Implementation Services = Product Cost (x) WHAT!?
Let's get this out of the way from the get-go. You are likely to hear many vendors discuss the words 'ratio' when it comes to implementing your solution, or maybe you won't because they would rather not tell you.

The challenge of selecting an organization to implement your CRM solution can prove to be as painful as choosing the product. In fact, you will want to be careful with your selection process as 'ratio' refers to the amount of dollars you will spend on the implementation of your CRM solution compared to the amount of dollars you spent on the software. This ratio can generally run anywhere from 0.5 to 4.0.

In the event that you have chosen a CRM application service provider (ASP) solution, your ratios are likely to be lower for the simple reason that you cannot make many changes to an ASP solution. However, in the event that you have chosen a packaged solution that requires multiple channel distribution or maintain numerous systems that require integration and are deploying to a 700 agent call center, you might find yourself on the higher end.

Many Are Wading In The Resource Pool
In choosing a CRM services vendor, consider the following resource options: internal, vendor resources, vendor partners, third-party or staff augmentation. Performing the services internally would suggest that you either have, or must hire, the appropriate staff. For this option, consider that while you should have a maintenance and support plan and a post-implementation plan, you are not likely to need the entire team involved. Vendor resources can provide you with well-trained 'inside' resources, although they can be costly. Using a vendor-certified partner can prove valuable, as it is typically less costly and still allows you to maintain the support of your vendor. Third-party vendors can also be very useful, however they are not typically as well supported by vendors. Finally, staff augmentation suggests you will seek certified independent consultants, potentially from a variety of sources, however, in this scenario, you remain accountable for your own implementation.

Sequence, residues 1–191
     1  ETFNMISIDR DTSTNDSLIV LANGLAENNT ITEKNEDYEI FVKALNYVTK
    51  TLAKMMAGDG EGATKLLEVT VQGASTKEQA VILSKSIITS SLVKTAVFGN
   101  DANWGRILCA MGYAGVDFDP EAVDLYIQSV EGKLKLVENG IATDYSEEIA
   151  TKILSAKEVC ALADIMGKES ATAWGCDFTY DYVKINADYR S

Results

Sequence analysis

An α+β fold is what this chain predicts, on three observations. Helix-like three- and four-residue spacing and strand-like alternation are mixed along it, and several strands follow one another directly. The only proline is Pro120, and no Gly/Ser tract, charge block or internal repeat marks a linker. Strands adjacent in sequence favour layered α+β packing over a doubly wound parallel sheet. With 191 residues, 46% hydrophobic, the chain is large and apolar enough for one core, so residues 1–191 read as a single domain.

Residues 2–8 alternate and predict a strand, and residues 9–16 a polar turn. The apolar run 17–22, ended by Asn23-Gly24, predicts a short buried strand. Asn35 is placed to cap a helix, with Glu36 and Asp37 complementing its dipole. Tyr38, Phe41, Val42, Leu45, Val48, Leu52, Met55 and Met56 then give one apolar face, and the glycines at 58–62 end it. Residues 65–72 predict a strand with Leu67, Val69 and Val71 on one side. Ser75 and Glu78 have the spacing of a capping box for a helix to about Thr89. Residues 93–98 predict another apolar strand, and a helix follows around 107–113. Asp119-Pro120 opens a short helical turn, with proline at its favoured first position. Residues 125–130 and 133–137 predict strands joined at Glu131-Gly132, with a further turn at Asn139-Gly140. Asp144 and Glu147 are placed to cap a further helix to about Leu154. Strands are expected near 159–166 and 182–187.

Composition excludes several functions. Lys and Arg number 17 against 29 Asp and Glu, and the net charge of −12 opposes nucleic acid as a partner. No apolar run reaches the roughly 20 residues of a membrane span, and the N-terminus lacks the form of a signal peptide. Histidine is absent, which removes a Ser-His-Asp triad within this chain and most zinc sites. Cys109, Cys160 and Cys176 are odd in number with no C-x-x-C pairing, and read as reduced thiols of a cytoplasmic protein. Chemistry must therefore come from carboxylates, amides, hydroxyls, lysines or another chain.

Whichever path you select, be sure to first certify the companies' and individuals' backgrounds as they relate to similar implementations. Locate organizations that have been involved in a vertically similar implementation. This can help you avoid the pitfalls on the learning curve by learning from the other companies' mistakes.

Negotiating implementation services can prove to be easier than that of product purchases. In today's environment, many organizations are much more willing to be flexible on cost given the abundance of available resources in the market. Apply similar principles and methods to acquiring services as you would for products. In short, never assume the first offer, and be margin-savvy.

CRM Failures Are Usually Self-Inflicted Wounds
It is difficult, if nearly impossible, to outline all factors for CRM implementation. However, it can be argued that the failure rate could unequivocally be considered a 'self-inflicted wound.' Streamlining your internal processes will increase the likelihood that your CRM implementation will draw absolute success. Good luck!

Richard Earley has been developing and delivering integrated solutions for over a decade and has a history of experience in enterprise development, marketing, sales and operations/practice management. Originally operating as a management consultant for large call centers, he was then involved in the early adoption of CRM business applications, developing and operating customized programs for government entities in the health care and call center markets. Earley subsequently joined an international consulting firm where he has filled many roles including director of the National CRM Practice. He is the moderator of the Any Answers discussion forum (www.crm-forum.com/anyanswers), a source of information written by CRM professionals for CRM professionals.